One of the complaints I hear from time to time about our catalog of Native Hawaiian grants is that I must be wrong about the amount of money and number of grants involved since Native Hawaiians still have so many troubles (economic or otherwise).Â Well, yes and no.
Far be it from me to pass judgment on how much trouble anyone has, regardless of his or her ethnicity.Â Times are tough out there for (mostly) everyone, including Native Hawaiians.Â Though quite a few of them (the ones who benefited from the multi-million dollar federal contracting preferences leap to mind) who appear to be doing pretty well.Â But all that is beside the point.Â The question is how so much money can be put to use for so little (in the opinion of the complainer) result.Â And to that, I can only say . . . what else do you expect from government-based efforts to help?Â I bring up American Indian tribal affairs from time to time on this blog–not just because there can be some interesting parallels, but also because the drive for the Akaka Bill’s passage tells us that these examples are signs of things to come.Â So I think it might be worthwhile to look at Barry Farber’s recent column about John Stossel’s recent piece of investigative journalism (I’ve left a bit of a historical cliffhanger, so you’ll have to go the full article to finish the story):
Now here comes John Stossel, fellow WND columnist, over the weekend of March 26 with one of the best pieces in television history: “Freeloaders,” a Fox News special delivering stomp-down proof that Indian tribes that are not recognized as tribes by the government and get no federal handouts are more successful than those on the federal dole. Stossel visited the Lumbee tribe of North Carolina, whose members get nothing from the government. They’re generally successful in business. Many live in luxury mansions. In contrast, the Indians embraced by the feds live in what look like tar-paper shacks.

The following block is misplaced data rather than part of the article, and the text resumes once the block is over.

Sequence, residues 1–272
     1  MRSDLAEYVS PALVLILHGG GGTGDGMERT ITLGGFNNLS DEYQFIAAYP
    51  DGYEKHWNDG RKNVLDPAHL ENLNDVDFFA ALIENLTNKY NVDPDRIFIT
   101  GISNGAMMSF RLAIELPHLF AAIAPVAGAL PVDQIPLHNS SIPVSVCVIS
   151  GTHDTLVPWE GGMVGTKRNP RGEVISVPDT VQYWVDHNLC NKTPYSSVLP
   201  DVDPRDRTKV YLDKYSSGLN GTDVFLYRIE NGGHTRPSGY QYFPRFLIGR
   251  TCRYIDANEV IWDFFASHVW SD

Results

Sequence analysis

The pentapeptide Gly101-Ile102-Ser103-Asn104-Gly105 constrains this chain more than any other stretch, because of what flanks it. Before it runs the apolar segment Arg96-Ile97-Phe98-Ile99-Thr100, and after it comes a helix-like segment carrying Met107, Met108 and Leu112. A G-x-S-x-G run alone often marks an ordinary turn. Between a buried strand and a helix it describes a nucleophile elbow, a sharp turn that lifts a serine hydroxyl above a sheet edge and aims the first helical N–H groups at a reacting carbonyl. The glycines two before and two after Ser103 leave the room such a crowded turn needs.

In boxing, John Stossel’s interview with Elizabeth Homer, who used to be the government nanny of the recognized tribes, would have been canceled as a mismatch or halted on a TKO early in Round 1. She was pitifully unable to defend government stewardship over Native Americans as anything but the failure of socialism.
I’ll never quit thanking Stossel for giving me Part 4 of my standard answer to the question, “How can you flat-out say that capitalism is better for the masses than socialism?” Up to now I’ve had three examples: free and prosperous Finland, which began its national life simultaneously with its dysfunctional Communist Russian neighbor; West Berlin, delivering mortal embarrassment to Communist East Berlin every day of the latter’s existence; and Hong Kong, when it was British and free right next to Communist China. Now I add: the Lumbees, up against all the tribes spoon-fed by Washington.
So, pleasure-wise, what’s in this for me? Unless Stossel over-Googled, I’ll bet you he didn’t know something real nice about the Lumbees, whose independent prosperity he covered so splendidly. It’s something I’ve known for years.
In January 1958, the Ku Klux Klan in Robeson County, N.C., staged a rally to put the allegedly uppity Lumbee Indians back in their “proper” racial place. The Lumbees are totally integrated Americans, but they bought some feathers and face-paint and, just as the Klansmen were about to torch the giant cross, able-bodied male Lumbees costumed like the “Indians” of our childhood stormed into the Klan clearing from all directions, war-whooping and putting the white-clad racists to rout.